“Antarctic history is peopled by true heroes: Amundsen, Shackleton, and the tragic Robert Falcon Scott, who experienced one of the greatest disappointments in the annals of exploration when he reached the South Pole in 1912 to find the Norwegian flag flying there. The race to the High Arctic, by contrast, is tainted with friction, argument, and accusations of barefaced lying. That many cannot name the explorer who first stood on the world’s northern extremity is because the dispute over who it was has never been settled” (source).
Unlike the South Pole, the North Pole is located in the middle of an ocean (the Arctic Ocean, also known as Polynia or the Open Polar Sea) whose waters are almost permanently covered with constantly shifting sea ice. Early attempts to reach the North Pole in the 19th century all failed. British naval officer William Edward Parry was forced to turn back in 1827, as was the American Charles Hall in 1871. In 1895, Norwegian explorers Fridtjof Nansen and Fredrik Hjalmar Johansen got to 86 degrees 14’ north before being forced back, and an expedition led by the Italian Luigi Amedeo made it to 86 degrees and 34’ in 1899 before admitting defeat.
Just after the turn of the century, however, two arctic explorers claimed to have reached the North Pole. The American explorer Frederick Albert Cook claimed to have reached it on April 21, 1908, with two Inuit men, Ahwelah and Etukishook, but he was unable to produce convincing proof and his claim is not widely accepted. Accordingly, “the conquest of the North Pole was for many years credited to US Navy engineer Robert Peary, who claimed to have reached the Pole on April 6, 1909, accompanied by Matthew Henson and four Inuit men named Ootah, Seeglo, Egingwah, and Ooqueah. However, Peary’s claim remains controversial. The party that accompanied Peary on the final stage of the journey included no one who was trained in navigation and could independently confirm his own navigational work, which some claim to have been particularly sloppy as he approached the Pole. The distances and speeds that Peary claimed to have achieved once the last support party turned back seem incredible to many people, almost three times that which he had accomplished up to that point. Peary’s account of a journey to the Pole and back while traveling along the direct line – the only strategy that is consistent with the time constraints that he was facing – is contradicted by Henson’s account of tortuous detours to avoid pressure ridges and open leads” (source).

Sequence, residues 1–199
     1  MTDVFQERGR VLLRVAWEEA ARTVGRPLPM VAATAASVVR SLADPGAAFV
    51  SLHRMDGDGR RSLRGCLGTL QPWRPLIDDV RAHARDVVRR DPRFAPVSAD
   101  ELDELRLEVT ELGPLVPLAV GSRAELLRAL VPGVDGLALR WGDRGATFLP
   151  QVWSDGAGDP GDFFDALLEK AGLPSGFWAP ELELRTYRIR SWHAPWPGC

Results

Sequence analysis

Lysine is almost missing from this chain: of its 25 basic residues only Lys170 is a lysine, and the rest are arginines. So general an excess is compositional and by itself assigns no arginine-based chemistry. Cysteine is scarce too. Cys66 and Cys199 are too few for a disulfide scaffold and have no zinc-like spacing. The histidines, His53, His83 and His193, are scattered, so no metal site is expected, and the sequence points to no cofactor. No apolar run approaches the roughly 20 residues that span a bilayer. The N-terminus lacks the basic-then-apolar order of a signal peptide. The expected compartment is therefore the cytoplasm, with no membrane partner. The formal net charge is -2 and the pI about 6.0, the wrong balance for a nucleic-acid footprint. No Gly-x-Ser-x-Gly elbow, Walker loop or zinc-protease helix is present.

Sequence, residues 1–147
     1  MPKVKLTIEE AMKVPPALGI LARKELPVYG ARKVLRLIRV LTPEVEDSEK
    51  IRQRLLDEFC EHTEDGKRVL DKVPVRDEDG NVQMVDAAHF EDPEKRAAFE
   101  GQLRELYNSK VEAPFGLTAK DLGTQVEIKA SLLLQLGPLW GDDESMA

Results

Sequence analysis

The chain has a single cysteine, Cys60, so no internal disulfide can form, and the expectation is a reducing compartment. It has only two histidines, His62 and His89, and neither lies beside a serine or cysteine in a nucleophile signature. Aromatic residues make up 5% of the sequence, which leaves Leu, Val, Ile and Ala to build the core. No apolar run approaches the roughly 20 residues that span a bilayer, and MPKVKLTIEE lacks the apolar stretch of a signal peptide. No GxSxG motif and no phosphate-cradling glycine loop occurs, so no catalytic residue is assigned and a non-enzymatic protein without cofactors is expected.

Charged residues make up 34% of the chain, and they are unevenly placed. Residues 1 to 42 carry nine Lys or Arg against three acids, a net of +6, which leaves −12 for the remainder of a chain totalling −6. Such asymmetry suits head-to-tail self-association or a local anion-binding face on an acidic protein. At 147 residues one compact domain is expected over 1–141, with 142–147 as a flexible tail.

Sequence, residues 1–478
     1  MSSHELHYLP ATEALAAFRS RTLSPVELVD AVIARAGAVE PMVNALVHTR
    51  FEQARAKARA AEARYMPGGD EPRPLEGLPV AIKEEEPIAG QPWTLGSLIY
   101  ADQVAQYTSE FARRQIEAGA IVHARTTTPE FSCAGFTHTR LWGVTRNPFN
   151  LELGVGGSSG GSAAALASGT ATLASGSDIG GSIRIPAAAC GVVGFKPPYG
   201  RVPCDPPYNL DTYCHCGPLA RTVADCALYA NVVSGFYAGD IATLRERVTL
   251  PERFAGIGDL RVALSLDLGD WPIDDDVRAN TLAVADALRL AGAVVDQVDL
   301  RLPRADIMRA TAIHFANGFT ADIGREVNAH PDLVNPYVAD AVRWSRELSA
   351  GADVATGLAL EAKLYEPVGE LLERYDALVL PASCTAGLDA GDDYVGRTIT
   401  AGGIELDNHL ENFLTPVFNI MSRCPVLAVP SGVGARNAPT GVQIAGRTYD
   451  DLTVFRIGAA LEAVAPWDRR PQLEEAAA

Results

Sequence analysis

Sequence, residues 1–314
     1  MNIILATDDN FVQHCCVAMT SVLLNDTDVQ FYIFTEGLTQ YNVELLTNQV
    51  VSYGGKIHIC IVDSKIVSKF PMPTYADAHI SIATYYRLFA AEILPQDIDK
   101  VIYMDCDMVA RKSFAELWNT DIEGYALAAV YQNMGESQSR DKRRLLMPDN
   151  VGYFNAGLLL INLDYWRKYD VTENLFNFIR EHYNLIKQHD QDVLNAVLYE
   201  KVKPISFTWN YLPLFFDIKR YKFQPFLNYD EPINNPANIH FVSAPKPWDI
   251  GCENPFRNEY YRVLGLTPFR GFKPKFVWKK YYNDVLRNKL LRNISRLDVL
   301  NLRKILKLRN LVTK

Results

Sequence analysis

And who was Matthew Henson? “Robert Peary’s hunger for the Pole, and for fame, was insatiable. He made 7 grueling Arctic expeditions between 1886 and 1909. The only man who accompanied him on each of those expeditions was Matthew Henson. Together they faced the harshest of Arctic challenges and together they planted the American flag at [what they thought or claimed was] the Pole. But Peary, who author Fergus Fleming called ‘the most unpleasant man in the annals of polar exploration,’ had no interest in sharing the glory of the accomplishment with any other man, especially a black man. Years before his quest for the Pole commenced, Peary had written to his mother, ‘I must be the peer or superior of those about me to be comfortable.’
And Henson made Peary very uncomfortable indeed. While Peary viewed him as an inferior, it was Henson who was essentially the de facto leader of the Polar expeditions – Henson who took care of the other men, dogs, and supplies; Henson who spoke the Eskimo language; Henson who fixed the sledges (tough sleds) and used those sledges to pull Peary, who’s [sic] walking ability was hampered by the loss of 8 of his toes to frostbite on a previous expedition, to and from the Pole. …Peary had secretly planned to leave Henson behind once they got close to the Pole, so that he could claim farthest north all for himself. But the expedition made better time than he realized (it’s hard to keep track when you’re lying in a sled), and the team landed at [what Peary claimed or thought was] the Pole before he had a chance to ditch the others…Crestfallen that he had to share the glory of the moment with 4 Eskimos and a black man, Peary immediately ceased to speak to Henson, the man who had saved his life on a previous expedition and had remained absolutely loyal to him for 22 years when every other member of the expeditions had left because of Peary’s insufferable personality and demands” (source).
Henson actually arrived at what they thought was the Pole ahead of Peary, and, when Peary caught up, Henson reputedly greeted him by saying “I think I’m the first man to sit on top of the world.” “Henson later recalled that this angered Peary: ‘Oh, he got hopping mad … No, he didn’t say anything, but I could tell,’ wrote Henson. Henson wrote that Peary ‘fastened the flag to a staff and planted it firmly on top of his igloo’” (source). Predictably, Peary took all the credit for supposedly being the first man at the North Pole, and he was given a Rear Admiral’s pension and the Thanks of Congress by a special act of March 30, 1911. Henson’s role went unrecognized for years, and he went on to live in virtual obscurity, earning a living as a customs clerk in New York and giving occasional lectures about his experiences. In 1947, he published his story, A Negro at the North Pole (with a foreword by Booker T. Washington), and, toward the end of his life in 1955, he received many awards, including ones from Presidents Truman and Eisenhower, in belated acknowledgement of his arctic achievements. On 6 April 1988, his body was moved from Woodlawn Cemetery in New York and, ironically, re-interred next to Peary’s tomb at Arlington National Cemetery in Washington, D. C.
Article by Bill Norrington